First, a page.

USBHostSerial connection to Ardunio (CDC Device)
I had two problems when using the USBHostSerial to connect to an Arduino UNO as a USB Serial device.
Symptoms of Problem
The USBHost library seemed to detect the CDC serial device just fine. It did not, however, properly initialize the connection. The Arduino UNO has TX and RX LEDs to indicate serial traffic. These LEDs did not light up, indicating that the serial connection was not properly initialized.
Problem #1: The Communication Interface
The USB communication devices class (CDC) uses two interfaces. The first (Interface 0) is the Communication Interface. The second (Interface 1) is the Data Interface. The communication interface is used to control the channel, setting parameters like baud rate, and other signals like DTR.
The USBHostSerial class configures the port as follows:
from USBHostSerial.cpp line 128-ish
// set line coding int res = host->controlWrite( dev, USB_RECIPIENT_INTERFACE | USB_HOST_TO_DEVICE | USB_REQUEST_TYPE_CLASS, SET_LINE_CODING, 0, serial_intf, (uint8_t *)&line_coding, 7);
The key here is the *serial_intf*. This is configured earlier in the code to the DATA interface, not the Communications interface. Essentially, it appears that the code is sending the configuration to the wrong interface. One minor change, swapping *serial_intf* for *0*, and the connection came to life:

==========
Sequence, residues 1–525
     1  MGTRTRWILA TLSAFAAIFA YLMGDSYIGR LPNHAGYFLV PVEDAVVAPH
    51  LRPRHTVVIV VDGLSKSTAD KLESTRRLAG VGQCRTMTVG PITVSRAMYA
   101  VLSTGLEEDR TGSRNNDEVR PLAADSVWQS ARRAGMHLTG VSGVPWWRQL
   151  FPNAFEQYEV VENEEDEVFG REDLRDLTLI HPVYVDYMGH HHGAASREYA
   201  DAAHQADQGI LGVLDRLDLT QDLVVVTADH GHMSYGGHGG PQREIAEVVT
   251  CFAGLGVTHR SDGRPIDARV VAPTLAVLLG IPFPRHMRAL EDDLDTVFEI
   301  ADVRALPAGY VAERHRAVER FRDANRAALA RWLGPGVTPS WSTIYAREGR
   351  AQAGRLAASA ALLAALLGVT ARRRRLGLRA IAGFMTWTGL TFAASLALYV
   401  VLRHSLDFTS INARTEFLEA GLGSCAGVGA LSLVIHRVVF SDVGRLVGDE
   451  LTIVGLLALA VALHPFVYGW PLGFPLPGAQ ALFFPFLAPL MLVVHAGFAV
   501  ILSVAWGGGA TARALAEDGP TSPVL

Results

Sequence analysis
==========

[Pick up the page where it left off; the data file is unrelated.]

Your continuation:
modified USBHostSerial.cpp line 128-ish
// set line coding int res = host->controlWrite( dev, USB_RECIPIENT_INTERFACE | USB_HOST_TO_DEVICE | USB_REQUEST_TYPE_CLASS, SET_LINE_CODING, 0, 0, (uint8_t *)&line_coding, 7);
I am not sure if this is a bug in the library. Maybe some devices can accept the control packets on the data interface 1, I am not sure. This did not work for the Arduino.
Problem #2: C++ Inheritance Quirks?
The USBHostSerial class inherits from the Stream class, allowing nice stream-related functions like printf. This is done by overriding the virtual methods *_getc* and *_putc*. For some reason, I found that these overridden virtual methods were not being consistently called. Sometimes they would work, but then later in my code they wouldn't.
Rather than figure out all the intricacies of C++ inheritance, I just implemented mirror methods: *getch* and *putch* and called them instead. The different naming of these methods seemed to cut through the inheritance problem. Also, I added a method for sending larger buffers.
Coming soon as part of one of my projects.
A good overview of the USB Serial CDC and virtual COM ports: http://www.lvr.com/usb_virtual_com_port.htm
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